Mini Reviews: Russian Totalitarianism, the Appalachian Trail, Cults

Quite the mixed bag today, eh? Although I try to avoid hard reading goals or challenges, I do set myself a soft challenge of reading at least one big book of Russian history every year. It's one of my favorite genres anyway and there are so many that it's a good way to make sure... Continue Reading →

Debunking Medical Myth and “Viral BS”

Dr. Seema Yasmin is an MD, epidemiologist, and former disease detective with the Centers for Disease Control (cool job alert) who works in health journalism, doing what NHS doctor Ben Goldacre has implored other doctors and scientists to do: "translating" dense medical studies and scientific data so that the general public can more easily understand... Continue Reading →

10 More New Nonfiction Titles Coming in 2021

I've got a roundup of new nonfiction that's especially heavy on mysteries, medicine, and magic. Onward! The Disappearing Act: The Impossible Case of MH370, by Florence de Changy -- Le Monde journalist de Changy investigates the "Kafkaesque" March 2014 disappearance of Malaysia Airlines Flight 370. I watched an episode of Drain the Oceans about this... Continue Reading →

New Looks at Europe Post-Communism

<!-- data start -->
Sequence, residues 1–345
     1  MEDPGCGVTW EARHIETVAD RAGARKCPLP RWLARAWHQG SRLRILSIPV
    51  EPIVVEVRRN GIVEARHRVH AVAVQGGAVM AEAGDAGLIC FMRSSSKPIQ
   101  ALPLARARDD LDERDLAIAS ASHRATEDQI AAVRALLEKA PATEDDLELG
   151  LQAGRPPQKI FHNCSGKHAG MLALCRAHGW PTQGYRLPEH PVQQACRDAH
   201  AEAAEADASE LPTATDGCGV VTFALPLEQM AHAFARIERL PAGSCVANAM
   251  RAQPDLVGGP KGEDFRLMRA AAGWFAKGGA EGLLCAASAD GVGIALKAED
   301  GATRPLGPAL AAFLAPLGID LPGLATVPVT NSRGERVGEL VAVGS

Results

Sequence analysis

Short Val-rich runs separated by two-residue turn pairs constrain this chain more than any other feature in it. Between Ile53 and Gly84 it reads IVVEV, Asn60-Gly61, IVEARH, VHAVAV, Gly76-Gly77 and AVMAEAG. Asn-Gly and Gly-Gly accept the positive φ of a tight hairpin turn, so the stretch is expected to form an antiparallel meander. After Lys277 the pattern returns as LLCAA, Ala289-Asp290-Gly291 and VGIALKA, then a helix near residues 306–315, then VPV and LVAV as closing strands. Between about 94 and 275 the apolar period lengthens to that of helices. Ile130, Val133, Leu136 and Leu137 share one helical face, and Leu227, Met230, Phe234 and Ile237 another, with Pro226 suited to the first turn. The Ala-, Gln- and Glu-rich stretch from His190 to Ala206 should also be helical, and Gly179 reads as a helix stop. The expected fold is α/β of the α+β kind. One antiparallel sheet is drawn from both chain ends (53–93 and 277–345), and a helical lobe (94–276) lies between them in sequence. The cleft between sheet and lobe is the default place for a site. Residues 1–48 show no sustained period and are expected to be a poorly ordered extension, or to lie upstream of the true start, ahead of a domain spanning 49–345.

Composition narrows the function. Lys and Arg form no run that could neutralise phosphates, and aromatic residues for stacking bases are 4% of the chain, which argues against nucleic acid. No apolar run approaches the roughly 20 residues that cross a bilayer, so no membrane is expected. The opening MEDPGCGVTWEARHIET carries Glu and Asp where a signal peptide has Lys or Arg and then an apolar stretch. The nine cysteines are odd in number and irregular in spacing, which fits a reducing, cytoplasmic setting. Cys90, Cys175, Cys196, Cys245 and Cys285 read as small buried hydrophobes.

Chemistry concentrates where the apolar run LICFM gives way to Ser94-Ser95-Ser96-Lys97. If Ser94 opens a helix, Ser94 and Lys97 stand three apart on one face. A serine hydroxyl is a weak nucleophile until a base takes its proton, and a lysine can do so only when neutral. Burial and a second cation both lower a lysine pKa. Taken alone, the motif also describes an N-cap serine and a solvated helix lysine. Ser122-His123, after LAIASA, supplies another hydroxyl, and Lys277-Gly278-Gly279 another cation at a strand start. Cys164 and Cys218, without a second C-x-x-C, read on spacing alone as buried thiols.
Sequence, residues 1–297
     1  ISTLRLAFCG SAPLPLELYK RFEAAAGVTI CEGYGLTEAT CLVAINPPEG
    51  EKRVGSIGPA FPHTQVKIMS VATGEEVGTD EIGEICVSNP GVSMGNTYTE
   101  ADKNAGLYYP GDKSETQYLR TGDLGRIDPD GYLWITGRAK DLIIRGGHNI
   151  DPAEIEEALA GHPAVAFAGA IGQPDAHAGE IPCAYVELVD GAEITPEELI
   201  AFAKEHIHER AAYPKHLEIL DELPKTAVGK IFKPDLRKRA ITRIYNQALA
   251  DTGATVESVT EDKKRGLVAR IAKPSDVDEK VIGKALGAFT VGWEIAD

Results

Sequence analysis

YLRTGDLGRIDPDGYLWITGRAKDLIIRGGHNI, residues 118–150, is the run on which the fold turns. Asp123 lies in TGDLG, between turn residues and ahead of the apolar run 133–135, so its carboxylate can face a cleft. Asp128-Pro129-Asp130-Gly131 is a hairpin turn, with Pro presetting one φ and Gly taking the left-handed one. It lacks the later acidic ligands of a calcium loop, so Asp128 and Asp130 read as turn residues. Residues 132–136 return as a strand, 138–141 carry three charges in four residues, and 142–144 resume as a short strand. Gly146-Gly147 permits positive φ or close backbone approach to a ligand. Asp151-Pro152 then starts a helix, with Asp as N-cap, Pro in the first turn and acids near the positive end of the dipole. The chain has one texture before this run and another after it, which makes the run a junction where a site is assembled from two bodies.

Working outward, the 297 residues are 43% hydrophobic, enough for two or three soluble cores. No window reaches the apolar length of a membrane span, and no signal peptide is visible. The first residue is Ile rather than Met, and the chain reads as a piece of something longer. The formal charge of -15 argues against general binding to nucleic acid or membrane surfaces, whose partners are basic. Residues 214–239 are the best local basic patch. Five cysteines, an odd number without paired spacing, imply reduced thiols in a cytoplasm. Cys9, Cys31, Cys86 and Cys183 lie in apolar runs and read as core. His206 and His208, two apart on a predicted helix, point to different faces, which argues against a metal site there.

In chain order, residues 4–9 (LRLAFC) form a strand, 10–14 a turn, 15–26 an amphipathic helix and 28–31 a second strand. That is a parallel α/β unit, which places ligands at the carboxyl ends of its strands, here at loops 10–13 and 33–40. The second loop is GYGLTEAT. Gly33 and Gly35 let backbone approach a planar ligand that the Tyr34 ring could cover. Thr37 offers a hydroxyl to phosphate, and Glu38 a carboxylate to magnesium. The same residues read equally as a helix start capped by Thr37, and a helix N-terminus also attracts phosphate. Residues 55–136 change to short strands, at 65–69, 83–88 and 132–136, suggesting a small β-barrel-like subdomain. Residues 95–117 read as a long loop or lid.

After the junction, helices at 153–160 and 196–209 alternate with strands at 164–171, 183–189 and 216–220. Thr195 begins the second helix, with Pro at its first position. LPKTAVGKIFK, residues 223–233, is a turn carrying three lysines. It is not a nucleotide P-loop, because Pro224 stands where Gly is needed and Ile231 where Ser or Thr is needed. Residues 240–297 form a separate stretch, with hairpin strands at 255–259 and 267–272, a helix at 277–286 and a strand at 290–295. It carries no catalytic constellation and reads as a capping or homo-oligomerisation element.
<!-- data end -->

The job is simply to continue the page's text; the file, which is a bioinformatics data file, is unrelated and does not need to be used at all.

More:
Book review: Café Europa Revisited: How to Survive Post-Communism, by Slavenka Drakulic What a weird day to be writing about a book on democracy in Europe, as it teeters precariously in the United States. But I think Americans would do well to consider democratic processes and totalitarian histories in Europe, because it's abundantly clear that... Continue Reading →

The Data on Drinking

Drink?: The New Science of Alcohol and Health, by David Nutt David Nutt is an English neuropsychopharmacologist, meaning he studies drugs that affect the brain. Of which alcohol is a big, bad one. He was fired, or asked to resign, from his position as a government drug advisor for saying on primetime radio "that alcohol... Continue Reading →

Two Looks At American Cuisine

As I mentioned in Nonfiction November, one of my favorite reading categories -- food history and foodoirs -- has been one of my least-read genres this year, and I ended up abandoning most of the titles I picked up. Nevertheless, I did read a few good ones, especially looking at American cuisine. Let's discuss! The... Continue Reading →

The Macabre History of Human Skin Books

Standing in front of a display case at the Mütter Museum at The College of Physicians of Philadelphia, medical librarian Megan Rosenbloom was captivated by a book allegedly bound in human skin. Her curiosity about how and why such objects exist, and whether most are real at all, led to the hands-on and historical investigations... Continue Reading →

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